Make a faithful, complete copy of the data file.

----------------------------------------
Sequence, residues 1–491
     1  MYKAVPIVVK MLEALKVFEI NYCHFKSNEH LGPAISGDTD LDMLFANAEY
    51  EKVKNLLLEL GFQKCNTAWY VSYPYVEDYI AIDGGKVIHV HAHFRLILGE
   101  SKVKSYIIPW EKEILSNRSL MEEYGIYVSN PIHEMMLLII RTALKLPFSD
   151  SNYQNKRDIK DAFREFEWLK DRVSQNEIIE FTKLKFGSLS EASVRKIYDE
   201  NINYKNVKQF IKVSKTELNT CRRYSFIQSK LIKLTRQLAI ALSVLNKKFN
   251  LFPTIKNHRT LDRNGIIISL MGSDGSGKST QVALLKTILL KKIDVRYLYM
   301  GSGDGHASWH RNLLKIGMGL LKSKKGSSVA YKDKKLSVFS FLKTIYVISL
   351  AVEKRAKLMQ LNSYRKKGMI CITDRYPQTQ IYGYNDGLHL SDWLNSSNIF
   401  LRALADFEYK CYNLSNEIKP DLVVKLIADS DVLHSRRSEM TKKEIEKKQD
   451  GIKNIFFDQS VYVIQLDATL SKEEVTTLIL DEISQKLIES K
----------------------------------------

Sequence, residues 1–491
     1  MYKAVPIVVK MLEALKVFEI NYCHFKSNEH LGPAISGDTD LDMLFANAEY
    51  EKVKNLLLEL GFQKCNTAWY VSYPYVEDYI AIDGGKVIHV HAHFRLILGE
   101  SKVKSYIIPW EKEILSNRSL MEEYGIYVSN PIHEMMLLII RTALKLPFSD
   151  SNYQNKRDIK DAFREFEWLK DRVSQNEIIE FTKLKFGSLS EASVRKIYDE
   201  NINYKNVKQF IKVSKTELNT CRRYSFIQSK LIKLTRQLAI ALSVLNKKFN
   251  LFPTIKNHRT LDRNGIIISL MGSDGSGKST QVALLKTILL KKIDVRYLYM
   301  GSGDGHASWH RNLLKIGMGL LKSKKGSSVA YKDKKLSVFS FLKTIYVISL
   351  AVEKRAKLMQ LNSYRKKGMI CITDRYPQTQ IYGYNDGLHL SDWLNSSNIF
   401  LRALADFEYK CYNLSNEIKP DLVVKLIADS DVLHSRRSEM TKKEIEKKQD
   451  GIKNIFFDQS VYVIQLDATL SKEEVTTLIL DEISQKLIES K